It's one of those - and when you play a note it repeat-echoes it afterwards, and there's all sorts of rhythms you can set up like playing one note several times over, and that thing sets up a rhythm with you and you sort of make a rhythm between yourself and the repeat echo unit. We fooled around with that to a certain extent on various things, and Roger put a bass through one day and tried it, and that is what "One Of These Days" is basically all about. It's Roger playing a bass through that thing - thumping one note most of the time, and because of what that evoked, that's what the whole thing came out of. It was just that sound and then later on when we'd recorded that thing it didn't sound like it held up on its own as a whole number, and we did another piece with a bass going through the same echo repeat system but also with the vibrato thing... a heavy vibrato, which is the whole middle section, which we then cut in and started laying on all the other boogaloo - echo on farfeisa organs and fast guitars.

NH: But why "One Of These Days (I'm Gonna Cut You Into Little Pieces)"?

DG: It just sounded very violent, and we like a joke as much as anyone else [laughs] - it just came out. I can't remember exactly how it happened. It's an old theme for us... "I'm gonna cut you into little pieces", and "be careful with that axe, Eugene" and... they're similar sorts of themes aren't they?

NH: "Dark Side Of The Moon" IS Pink Floyd. I asked Roger Waters how it all came about:

RW: Well, there are several answers to that. I think you'll find when you speak to the other chaps, 'cos that's what one discovers over the years, is that one's own memories of how things happened and other people's memories of how things happened are often very different. My memory of how it happened was that we went to a place in... Broadhurst Gardens, off... somewhere in Kilburn, I think it is - West Hampstead, maybe it's called... anyway, we were there for a period of time - a couple of weeks or something... and we sat in a little room and played our instruments, and we got quite a lot of stuff together - music - no lyrics, or ideas or anything.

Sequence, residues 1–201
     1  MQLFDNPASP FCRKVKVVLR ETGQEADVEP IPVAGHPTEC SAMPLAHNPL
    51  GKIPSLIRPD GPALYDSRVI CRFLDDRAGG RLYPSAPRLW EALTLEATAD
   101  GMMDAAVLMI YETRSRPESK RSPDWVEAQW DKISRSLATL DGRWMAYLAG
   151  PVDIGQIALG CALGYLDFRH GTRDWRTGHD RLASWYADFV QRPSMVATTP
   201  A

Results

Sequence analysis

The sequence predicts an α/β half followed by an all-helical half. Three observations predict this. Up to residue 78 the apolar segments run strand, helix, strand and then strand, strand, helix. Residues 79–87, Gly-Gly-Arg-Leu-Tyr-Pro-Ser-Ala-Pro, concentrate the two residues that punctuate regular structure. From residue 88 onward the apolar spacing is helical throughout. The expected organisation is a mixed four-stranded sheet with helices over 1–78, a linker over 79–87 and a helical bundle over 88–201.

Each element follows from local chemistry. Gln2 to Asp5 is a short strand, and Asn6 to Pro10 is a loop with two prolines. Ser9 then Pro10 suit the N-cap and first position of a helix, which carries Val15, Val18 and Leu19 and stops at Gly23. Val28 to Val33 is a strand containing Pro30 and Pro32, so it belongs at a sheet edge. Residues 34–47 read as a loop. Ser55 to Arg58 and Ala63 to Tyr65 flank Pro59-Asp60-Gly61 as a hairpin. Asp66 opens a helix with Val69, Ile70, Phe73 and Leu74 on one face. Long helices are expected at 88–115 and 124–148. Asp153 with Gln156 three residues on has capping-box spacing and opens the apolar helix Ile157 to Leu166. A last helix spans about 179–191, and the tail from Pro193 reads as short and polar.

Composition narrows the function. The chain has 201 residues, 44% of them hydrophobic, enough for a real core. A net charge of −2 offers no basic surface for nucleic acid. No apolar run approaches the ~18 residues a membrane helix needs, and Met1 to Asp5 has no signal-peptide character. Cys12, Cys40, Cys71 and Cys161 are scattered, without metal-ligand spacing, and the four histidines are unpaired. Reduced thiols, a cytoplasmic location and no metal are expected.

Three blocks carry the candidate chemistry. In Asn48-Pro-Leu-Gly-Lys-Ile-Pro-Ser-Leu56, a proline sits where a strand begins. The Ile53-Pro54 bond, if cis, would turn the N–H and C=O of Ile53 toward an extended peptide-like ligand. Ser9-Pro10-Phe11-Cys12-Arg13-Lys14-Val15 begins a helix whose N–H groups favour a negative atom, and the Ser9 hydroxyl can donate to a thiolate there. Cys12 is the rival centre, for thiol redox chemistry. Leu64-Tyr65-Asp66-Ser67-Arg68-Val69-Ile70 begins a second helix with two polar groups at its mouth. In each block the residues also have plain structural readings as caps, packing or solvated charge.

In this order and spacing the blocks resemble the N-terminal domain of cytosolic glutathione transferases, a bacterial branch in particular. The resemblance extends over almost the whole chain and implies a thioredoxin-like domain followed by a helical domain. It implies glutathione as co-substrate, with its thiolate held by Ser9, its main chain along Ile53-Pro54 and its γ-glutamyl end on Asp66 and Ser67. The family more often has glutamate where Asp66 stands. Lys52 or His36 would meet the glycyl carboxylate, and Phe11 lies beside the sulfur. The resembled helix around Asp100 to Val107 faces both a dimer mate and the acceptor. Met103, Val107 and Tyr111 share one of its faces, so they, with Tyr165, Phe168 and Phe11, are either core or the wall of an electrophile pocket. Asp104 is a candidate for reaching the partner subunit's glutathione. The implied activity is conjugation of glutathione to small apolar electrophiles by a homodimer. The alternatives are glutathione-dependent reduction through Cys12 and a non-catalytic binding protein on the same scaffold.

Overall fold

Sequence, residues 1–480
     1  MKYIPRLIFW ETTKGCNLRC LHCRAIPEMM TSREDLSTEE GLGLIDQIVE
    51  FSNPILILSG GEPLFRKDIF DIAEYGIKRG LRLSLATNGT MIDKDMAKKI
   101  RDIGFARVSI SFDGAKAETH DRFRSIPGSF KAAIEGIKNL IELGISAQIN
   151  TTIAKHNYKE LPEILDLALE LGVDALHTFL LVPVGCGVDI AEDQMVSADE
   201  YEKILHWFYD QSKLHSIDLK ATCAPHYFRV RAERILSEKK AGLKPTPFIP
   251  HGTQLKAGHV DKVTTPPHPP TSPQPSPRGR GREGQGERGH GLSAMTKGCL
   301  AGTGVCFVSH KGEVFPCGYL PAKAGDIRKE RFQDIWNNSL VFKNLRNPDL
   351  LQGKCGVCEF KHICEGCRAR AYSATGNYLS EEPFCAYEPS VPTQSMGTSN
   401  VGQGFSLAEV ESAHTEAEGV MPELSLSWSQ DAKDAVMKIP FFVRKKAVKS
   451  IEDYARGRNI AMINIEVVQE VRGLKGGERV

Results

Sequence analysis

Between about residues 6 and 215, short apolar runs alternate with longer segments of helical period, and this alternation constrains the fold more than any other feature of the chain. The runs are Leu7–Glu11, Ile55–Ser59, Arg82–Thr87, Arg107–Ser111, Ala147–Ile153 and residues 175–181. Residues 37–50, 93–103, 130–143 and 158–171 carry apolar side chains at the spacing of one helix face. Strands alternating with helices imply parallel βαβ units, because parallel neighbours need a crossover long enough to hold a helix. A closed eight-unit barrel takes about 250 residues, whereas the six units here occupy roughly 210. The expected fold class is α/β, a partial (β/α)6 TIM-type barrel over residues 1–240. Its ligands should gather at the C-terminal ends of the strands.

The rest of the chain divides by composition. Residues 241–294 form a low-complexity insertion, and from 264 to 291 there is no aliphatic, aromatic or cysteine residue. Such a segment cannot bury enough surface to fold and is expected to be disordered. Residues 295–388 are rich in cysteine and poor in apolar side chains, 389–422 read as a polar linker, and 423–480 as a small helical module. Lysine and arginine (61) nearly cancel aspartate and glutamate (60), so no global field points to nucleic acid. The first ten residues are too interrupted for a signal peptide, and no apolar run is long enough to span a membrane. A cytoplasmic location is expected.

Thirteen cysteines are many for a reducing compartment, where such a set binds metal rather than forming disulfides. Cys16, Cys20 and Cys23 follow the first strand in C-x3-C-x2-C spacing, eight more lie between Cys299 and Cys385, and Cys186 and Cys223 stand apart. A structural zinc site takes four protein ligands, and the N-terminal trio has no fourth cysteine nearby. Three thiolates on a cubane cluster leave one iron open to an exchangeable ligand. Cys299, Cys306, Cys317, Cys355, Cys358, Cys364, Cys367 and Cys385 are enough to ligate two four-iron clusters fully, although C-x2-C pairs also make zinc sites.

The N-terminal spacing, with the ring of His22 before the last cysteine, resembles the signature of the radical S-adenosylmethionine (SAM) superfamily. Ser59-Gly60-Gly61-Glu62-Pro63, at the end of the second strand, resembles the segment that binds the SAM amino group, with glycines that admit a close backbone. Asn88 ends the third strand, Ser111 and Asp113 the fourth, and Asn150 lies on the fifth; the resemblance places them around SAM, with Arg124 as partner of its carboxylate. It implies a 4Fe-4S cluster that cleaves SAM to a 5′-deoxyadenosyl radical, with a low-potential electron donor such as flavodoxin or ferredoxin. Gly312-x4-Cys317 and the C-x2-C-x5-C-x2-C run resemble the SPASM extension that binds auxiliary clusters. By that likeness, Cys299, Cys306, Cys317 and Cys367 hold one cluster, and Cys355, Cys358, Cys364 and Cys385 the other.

We had all these different pieces, like the riff of "Money" came out of those sessions, and so on and so forth. I remember that happening. The only other thing that I can remember about it all was having a meeting in Nicky's kitchen one day, and I think... I'm not quite sure what happened, but I THINK what happened was that I thought, and said, "listen, if it was some kind of theme that ran through it - y'know - life, with a heartbeat and that... and then you could have other bits coming in, like the pressures that tend to be anti-life - how about that?" And then we all started writing out a list of what those pressures might be. And that was that. And then I started writing lyrics with all these different bits of music that all came from different people in the band - well, not all, but... [inhales deeply] I started writing a series of sets of lyrics about the different things we talked about. It's all terribly simple!

NM: What the album was going to be about... which was about the... what we felt were the stress and strain of our lives and what was wrong with them or what we were motivated by and so on. And so we ended with a piece of paper upon which was written various subjects that would be covered, and work from there. There wasn't any sitting down and saying let's produce something so crystal clear and delightful that everyone will adore it.

NH: But how did that initial idea come about? Do you all sit down and say, right, well...

NM: Yes... I think we sat down and talked about what the album might be about. I mean, we're talking about three - four years ago, and I can't remember exactly what happened or how it happened. It might've been somebody's brilliant idea who's going to be SO UPSET that I'm sitting here happily saying WE, 'cos that's the stuff that our best bits of domestic world or all three [?] are about. But credit where credit's due, and who's done what and all that...